For accessing their catalogue or placing an order, you can check out their Instagram page and drop a message there. They are regularly part of pop-ups and exhibitions around India – you can get all the updates on their Instagram page. An online store is in the works and is expected to be running later this year.
I also recommend reaching out to them to get a sense about sizes before you buy a pair. They’re usually quick to answer, and these communications are personally overseen by founders Anisha and Satyam Singla, which is the indie brand way – honest, transparent and personal.
Sasha’s wooden sunglasses are a great example of an offbeat idea executed well. They are also testimony to the improving design sensibilities and risk-taking appetite of smaller, indie brands that I spoke about here.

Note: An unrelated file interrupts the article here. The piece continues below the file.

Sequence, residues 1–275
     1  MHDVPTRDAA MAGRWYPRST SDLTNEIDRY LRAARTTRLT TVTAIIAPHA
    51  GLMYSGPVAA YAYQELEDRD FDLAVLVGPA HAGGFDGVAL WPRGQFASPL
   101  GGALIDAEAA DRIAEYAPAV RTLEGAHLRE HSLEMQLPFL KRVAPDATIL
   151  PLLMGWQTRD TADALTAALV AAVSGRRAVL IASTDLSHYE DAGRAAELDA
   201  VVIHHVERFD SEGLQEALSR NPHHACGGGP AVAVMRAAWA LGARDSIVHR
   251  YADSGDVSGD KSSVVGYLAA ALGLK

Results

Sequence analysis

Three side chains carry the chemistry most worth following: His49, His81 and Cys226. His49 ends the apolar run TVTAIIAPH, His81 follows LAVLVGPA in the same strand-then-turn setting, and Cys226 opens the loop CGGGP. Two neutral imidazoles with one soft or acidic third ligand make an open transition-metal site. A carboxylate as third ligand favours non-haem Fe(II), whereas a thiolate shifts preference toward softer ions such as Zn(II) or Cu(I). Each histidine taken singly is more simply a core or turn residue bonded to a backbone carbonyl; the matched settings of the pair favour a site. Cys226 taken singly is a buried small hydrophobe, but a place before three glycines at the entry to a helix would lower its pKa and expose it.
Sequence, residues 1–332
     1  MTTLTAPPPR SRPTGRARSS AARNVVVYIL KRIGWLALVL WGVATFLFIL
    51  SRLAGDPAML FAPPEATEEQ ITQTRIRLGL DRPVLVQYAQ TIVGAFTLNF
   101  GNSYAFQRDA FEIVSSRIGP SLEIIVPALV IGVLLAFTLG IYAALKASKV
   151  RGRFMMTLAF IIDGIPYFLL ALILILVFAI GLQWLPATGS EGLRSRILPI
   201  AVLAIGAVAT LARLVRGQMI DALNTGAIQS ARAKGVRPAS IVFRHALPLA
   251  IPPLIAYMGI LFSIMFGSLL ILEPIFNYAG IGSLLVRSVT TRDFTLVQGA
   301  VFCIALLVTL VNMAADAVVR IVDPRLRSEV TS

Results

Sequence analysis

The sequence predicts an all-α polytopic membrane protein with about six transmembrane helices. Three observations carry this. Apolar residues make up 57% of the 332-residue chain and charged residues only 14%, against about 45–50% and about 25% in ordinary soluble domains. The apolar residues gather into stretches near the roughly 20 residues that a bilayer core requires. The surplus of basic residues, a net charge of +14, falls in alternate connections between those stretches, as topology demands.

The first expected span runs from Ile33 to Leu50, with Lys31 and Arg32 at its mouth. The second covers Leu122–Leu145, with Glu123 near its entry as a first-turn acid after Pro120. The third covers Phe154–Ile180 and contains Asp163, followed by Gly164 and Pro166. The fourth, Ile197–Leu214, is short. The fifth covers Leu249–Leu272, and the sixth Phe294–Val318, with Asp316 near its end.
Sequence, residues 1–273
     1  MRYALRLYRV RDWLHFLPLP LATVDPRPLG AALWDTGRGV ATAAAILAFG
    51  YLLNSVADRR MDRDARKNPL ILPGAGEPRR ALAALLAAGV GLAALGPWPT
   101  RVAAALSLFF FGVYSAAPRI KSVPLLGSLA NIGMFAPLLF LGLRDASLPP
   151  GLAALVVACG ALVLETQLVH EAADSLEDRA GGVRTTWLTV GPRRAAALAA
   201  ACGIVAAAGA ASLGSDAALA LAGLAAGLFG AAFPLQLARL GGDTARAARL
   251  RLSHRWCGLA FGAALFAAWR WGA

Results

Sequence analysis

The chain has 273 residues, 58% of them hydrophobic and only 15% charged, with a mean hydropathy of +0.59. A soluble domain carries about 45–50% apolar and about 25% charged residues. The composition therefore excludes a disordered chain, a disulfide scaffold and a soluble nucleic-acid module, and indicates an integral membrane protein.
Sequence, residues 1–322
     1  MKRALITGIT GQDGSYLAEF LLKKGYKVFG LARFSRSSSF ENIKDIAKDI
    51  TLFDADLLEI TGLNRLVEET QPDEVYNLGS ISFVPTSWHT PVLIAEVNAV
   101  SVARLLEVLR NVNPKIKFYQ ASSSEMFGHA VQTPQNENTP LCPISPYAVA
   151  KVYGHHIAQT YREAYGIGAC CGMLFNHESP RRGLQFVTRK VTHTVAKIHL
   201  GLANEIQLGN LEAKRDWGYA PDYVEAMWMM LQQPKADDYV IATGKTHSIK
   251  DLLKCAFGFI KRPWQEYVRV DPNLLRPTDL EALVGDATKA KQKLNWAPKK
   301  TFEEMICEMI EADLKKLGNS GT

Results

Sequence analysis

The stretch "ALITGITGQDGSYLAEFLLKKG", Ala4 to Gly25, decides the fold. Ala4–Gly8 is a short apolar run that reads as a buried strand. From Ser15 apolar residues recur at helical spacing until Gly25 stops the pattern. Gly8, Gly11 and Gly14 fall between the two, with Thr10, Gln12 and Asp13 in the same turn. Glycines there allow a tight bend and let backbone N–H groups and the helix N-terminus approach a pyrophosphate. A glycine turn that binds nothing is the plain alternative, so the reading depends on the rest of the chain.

From my experience, these sunglasses definitely don’t go unnoticed. Wood is a real champion material and it does steal the show. That isn’t a bad thing, just something to keep in mind. In that regard, as I mentioned earlier, Nore is my pick of the lot for its versatility and timelessness. It keeps shock value low, and if you are factoring sustainability into your list of reasons to pick up a pair, a style like Nore will likely stick around with you longer. The round Torpo, on the other hand, works really well as something more modern and contemporary.
Who’s it for: Anyone looking to have a bit of fun with their look, wanting to keep it fresh
Talking point: It’s made of what?! Seriously?
Best thing about it: Rapid simplification of the touch-wood process
One thing I’d change: Lens quality (I’m told this is in the works)